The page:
- ADP´s private-sector labor report is forecast to show a modest increase of 420,000 jobs.
- The payrolls firm has been mostly missing the mark after coronavirus broke out.
- Even a minor beat could be sufficient to trigger a dollar bounce after the massive sell-off.
Setting achievable goals – a charitable of saying a low bar – makes beating it easy and could trigger a positive market reaction. Is the dollar set to jump?
Economists seem to have gotten used to disappointing figures from ADP's jobs report and now expect a modest increase. The calendar is pointing to an increase of 420,000 private sector positions in November, a slower pace of job restoration.
As the chart below shows, the actual figures published by ADP fell below estimates in five out of seven last publications.
The data also reveals another actionable phenomenon – the figures are significantly revised to the upside every month and to round numbers. Since the coronavirus pandemic broke out early in the year, ADP has been struggling to assess the number of workers in the US economy.
The sharp fluctuations and various furlough schemes have tested statistical models and wreaked havoc. The company has tended to report relatively low numbers in comparison to the official Nonfarm Payrolls report from the Bureau of Labor Statistics (BLS) and was forced to adapt.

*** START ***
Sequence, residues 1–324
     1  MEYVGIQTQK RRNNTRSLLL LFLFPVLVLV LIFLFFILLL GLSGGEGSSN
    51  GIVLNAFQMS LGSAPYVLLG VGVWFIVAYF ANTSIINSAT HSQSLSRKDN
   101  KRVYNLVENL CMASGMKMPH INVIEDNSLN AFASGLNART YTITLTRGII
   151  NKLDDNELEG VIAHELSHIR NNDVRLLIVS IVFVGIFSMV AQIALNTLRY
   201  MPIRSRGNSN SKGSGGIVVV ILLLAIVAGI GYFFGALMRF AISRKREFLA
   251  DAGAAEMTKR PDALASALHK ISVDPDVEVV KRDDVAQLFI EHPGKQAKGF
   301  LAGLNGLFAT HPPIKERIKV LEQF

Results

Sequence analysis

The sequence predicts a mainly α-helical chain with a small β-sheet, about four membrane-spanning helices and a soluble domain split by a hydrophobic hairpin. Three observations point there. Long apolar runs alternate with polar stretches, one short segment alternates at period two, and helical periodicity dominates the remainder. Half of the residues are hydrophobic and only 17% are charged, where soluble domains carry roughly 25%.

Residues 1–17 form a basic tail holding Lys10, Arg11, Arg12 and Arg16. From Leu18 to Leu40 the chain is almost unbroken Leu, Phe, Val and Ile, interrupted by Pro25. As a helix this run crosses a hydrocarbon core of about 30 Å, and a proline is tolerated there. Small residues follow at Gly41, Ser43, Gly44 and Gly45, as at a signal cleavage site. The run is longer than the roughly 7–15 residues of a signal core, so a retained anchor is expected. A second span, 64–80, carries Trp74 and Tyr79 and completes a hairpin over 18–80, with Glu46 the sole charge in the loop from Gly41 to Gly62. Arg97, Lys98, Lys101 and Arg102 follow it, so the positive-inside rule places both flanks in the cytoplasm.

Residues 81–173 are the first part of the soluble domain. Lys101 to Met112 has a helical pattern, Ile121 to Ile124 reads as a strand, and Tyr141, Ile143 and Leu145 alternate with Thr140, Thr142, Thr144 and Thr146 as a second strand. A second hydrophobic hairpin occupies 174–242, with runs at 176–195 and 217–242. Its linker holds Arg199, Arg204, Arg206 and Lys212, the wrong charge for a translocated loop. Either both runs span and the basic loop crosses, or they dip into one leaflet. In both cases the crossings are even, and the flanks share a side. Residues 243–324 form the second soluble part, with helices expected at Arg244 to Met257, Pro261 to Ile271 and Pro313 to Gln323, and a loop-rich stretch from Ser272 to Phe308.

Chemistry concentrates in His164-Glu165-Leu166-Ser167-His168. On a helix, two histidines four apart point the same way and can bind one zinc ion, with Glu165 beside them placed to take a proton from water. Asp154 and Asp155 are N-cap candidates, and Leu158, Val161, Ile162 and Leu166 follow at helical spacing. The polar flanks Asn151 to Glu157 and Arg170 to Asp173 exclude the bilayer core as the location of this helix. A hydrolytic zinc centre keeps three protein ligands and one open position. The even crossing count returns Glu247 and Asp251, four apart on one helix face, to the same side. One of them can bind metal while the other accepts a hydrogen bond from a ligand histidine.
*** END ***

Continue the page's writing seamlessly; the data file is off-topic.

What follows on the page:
For traders, it means that any beat would be surprising in two ways – varying from the trend of missing estimates and suggesting an even higher increase in the official number of jobs.
The US dollar has been on the back foot in recent weeks, as demand for the safe-haven dollar fell. Political certainty in the US and several encouraging covid vaccine announcements have pushed investors into riskier assets.
This trend may have been overstretched, resulting in multi-month and nearly multi-year lows for the greenback against its major peers. EUR/USD, GBP/USD and AUD/USD are some of the examples.
Oftentimes, it only takes a small spark to trigger a correction. Such a phenomenon was seen in late November when Markit's Purchasing Managers' Indexes beat estimates. America's leading PMIs come from ISM, not Markit, yet the news triggered a rush into greenbacks.
Will the same knee-jerk reaction return? The chances are high, even if the upside surprise is small, or perhaps in case of a minor miss such as 400,000 jobs gained in November.
Conversely, a minor miss of estimates will likely be shrugged off by markets as yet another disease-distorted figure. The dollar is unlikely to suffer, as long as ADP prints a figure above 300,000. Only a substantial shortcoming would cause a pause for thought.
The bar is low for ADP's NFP to beat estimates, and given previous disappointments, any beat would seem promising for the US labor market. With the dollar stretched to the downside, the ground seems ripe for an upwards bounce in the dollar.
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